HONESDALE—The Stourbridge Project – a collaborative economic development facility located off Park Street – announced a host of educational opportunities available for business professionals in the community.

“There's a people side to economic development. You can't look at advancing your county as far as infrastructure without looking at the people side of it,” said Wayne Economic Development Corporation – a Stourbridge Project Partner alongside the county Board of Commissioners – Executive Director Mary Beth Wood.

Dubbed “Business Essentials: A Networking and Training Seminar Series,” the program is organized by the Wayne Pike Workforce Alliance (WPWA) and looks to help local entrepreneurs and business owners develop a series of new skills including HR basics, sales strategies, research and development tax credits, brand building, engaging content building, and business plan formulation.

The program series also instructs businesses how to utilize the tax credits awarded by the Stourbridge Project's recent designation as a Keystone Innovation Zone (KIZ).

This new series will run each week from September 26 through November 14 of this year at no charge to attendees.

“Bringing jobs to a community is wonderful but unless you have the capacity and the people to fill those jobs, you have an issue,” said WPWA Executive Director Lucyann Vierling explained at a press conference held Thursday afternoon.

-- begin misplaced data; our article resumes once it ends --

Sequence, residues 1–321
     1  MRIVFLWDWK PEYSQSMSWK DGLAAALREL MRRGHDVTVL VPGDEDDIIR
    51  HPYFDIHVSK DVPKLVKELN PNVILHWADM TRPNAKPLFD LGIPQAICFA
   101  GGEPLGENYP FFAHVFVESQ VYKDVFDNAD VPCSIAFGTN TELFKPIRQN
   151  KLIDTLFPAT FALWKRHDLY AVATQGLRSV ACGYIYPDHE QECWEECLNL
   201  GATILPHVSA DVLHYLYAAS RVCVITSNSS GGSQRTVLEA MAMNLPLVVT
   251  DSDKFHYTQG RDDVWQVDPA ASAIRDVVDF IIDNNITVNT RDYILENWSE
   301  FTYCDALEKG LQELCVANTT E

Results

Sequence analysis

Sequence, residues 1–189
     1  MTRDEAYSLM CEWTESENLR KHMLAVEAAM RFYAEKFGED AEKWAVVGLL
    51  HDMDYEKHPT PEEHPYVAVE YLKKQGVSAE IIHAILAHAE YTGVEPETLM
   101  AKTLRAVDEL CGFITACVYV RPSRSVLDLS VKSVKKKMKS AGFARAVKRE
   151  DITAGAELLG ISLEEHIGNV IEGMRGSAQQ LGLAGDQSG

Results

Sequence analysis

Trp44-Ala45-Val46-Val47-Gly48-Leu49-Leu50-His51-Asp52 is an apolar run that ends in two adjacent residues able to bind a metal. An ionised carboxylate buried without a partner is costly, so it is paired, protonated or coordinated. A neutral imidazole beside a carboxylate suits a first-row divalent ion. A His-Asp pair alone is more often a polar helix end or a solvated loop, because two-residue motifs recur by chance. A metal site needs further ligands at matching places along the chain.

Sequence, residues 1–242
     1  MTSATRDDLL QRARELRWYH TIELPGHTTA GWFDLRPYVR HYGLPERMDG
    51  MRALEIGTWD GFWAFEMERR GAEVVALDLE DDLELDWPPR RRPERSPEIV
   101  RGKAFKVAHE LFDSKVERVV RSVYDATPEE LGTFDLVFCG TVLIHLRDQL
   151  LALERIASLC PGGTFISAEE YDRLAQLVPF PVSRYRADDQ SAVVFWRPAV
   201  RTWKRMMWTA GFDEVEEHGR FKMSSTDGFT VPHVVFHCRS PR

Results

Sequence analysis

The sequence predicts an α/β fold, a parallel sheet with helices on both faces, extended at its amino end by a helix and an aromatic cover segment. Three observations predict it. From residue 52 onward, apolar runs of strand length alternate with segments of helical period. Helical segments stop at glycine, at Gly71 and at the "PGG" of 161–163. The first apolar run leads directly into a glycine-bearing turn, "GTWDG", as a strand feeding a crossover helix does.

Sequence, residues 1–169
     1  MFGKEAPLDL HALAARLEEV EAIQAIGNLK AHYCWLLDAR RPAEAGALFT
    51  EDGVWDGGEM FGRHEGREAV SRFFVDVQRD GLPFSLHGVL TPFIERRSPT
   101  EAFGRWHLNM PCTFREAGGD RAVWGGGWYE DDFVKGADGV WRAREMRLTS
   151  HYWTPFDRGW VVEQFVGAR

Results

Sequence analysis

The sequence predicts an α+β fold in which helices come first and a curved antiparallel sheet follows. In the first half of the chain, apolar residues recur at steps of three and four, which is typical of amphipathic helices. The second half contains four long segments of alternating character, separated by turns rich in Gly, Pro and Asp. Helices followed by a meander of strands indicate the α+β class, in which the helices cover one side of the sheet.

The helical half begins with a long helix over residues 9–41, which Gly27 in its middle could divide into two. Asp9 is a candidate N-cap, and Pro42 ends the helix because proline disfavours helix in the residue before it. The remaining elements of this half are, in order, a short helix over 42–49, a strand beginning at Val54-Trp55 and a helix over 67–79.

The executive director went on to mention the growing need to address worker age in both Wayne County and Pennsylvania as a whole.

Vierling stated a key focus needs to be on establishing a sense of “lifelong learning” and working with local school districts to instill not only a sense of quality workmanship within the student body and emerging graduates, but also to guide them toward available economic opportunities within the county.

A key to this found readily in the Stourbridge Project is the development of technological opportunities that both young and aging workers can utilize in existing or emerging industries.

“We need to … build capacity in people and that is through developing who is here and attracting [others] … because it is a wonderful place to live and to work and to learn,” said Vierling.

She added, “from there the goal is to have more collegiate programming … here within Wayne County.”

Aside from the new suite of business programming, the Stourbridge Project also offers instruction on 3D printing, programming classes for youths, and consultations from the University of Scranton's Small Business Development Center (SBDC).

There is also a Maker's group where innovators and inventors congregate to share ideas and workshop technological projects.

Other news from the Stourbridge Project will be presented in a future story.